(PhysOrg.com) -- An international team of scientists has developed a way to predict how much a person can learn, based on studies at UC Santa Barbara's Brain Imaging Center.
A study published in this week's Proceedings of the National Academy of Sciences (PNAS) details the findings.
Researchers collected brain imaging data from people performing a motor task and then analyzed this data using new computational techniques. They found evidence that the flexibility of a person's brain can be used to predict how well someone will learn. The researchers view flexibility as how different areas of the brain link up in different combinations.
"What we wanted to do was find a way to predict how much someone is going to learn in the future, independent of how they are as a performer," said Scott T. Grafton, senior author and professor of psychology at UC Santa Barbara. Grafton is also director of the UCSB Brain Imaging Center.
The team ran an experiment over three sessions in which 18 volunteers had to push a series of buttons, similar to a sequence of notes on a piano keyboard, as fast as possible. They then divided functional MRI images of each volunteer's brain into 112 different regions and analyzed how these different areas connected while they performed the task.
"Our study has obvious implications clinically," said Grafton. "If you're a patient in physical therapy, should you just take tomorrow off? Or will it be a good day? We don't know that, but that would be a potential application tailoring intervention to capacity to change. In healthy people, this information could accelerate learning when you should study, when you should practice, when you should try to acquire a new skill."
The new study uses computational methods developed to analyze what the researchers call multilayer networks, in which each layer might represent a network at one snapshot in time, or a different set of connections between the same set of brain regions. These layers are combined into a larger mathematical object, which can contain a potentially huge amount of data and is difficult to analyze. Previous methods could only deal with each layer separately.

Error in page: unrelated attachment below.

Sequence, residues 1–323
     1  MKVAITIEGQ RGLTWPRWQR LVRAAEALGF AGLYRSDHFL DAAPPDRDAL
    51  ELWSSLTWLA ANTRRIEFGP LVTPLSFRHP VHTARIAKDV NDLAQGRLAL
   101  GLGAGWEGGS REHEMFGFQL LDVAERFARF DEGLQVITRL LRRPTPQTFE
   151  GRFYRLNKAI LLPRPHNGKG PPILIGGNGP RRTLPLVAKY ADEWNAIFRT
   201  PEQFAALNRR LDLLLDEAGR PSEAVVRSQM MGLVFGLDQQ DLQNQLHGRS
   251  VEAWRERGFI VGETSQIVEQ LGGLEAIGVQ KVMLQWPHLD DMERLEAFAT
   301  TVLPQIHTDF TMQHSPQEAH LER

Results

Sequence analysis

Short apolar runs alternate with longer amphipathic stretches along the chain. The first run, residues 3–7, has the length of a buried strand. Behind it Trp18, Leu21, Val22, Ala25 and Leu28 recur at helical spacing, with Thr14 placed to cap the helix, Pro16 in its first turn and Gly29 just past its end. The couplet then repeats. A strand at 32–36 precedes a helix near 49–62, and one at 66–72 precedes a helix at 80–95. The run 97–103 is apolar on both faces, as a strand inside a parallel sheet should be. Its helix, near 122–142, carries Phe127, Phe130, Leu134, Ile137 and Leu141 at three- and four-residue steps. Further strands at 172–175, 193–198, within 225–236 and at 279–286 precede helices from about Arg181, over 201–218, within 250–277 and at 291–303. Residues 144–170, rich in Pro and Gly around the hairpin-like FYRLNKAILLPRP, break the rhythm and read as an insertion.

"Parts of the brain communicate with one another very strongly, so they form a sort of module of intercommunicating regions of the brain," said first author Danielle S. Bassett, postdoctoral fellow in physics at UC Santa Barbara. "In this way, brain activity can segregate into multiple functional modules. What we wanted to measure is how fluid those modules are."
Bassett explained that there are flexible brain regions with allegiances that change through time. "That flexibility seems to be the factor that predicts learning," said Bassett. "So, if you are very flexible, then you will end up learning better on the second day, and if you are not very flexible, then you learn less."
Bassett's education is highly interdisciplinary, with studies in physics, mathematics, psychology, and neuroscience. She received her Ph.D. in physics at the University of Cambridge where she had supervisors in several disciplines, including psychiatry. Her current studies are carried out within UC Santa Barbara's Department of Physics and Department of Psychology.
Authors of the PNAS study, in addition to Bassett and Grafton, are Nicholas F. Wymbs, UC Santa Barbara; Mason A. Porter, University of Oxford; Peter J. Mucha, University of North Carolina, and Jean M. Carlson, UC Santa Barbara.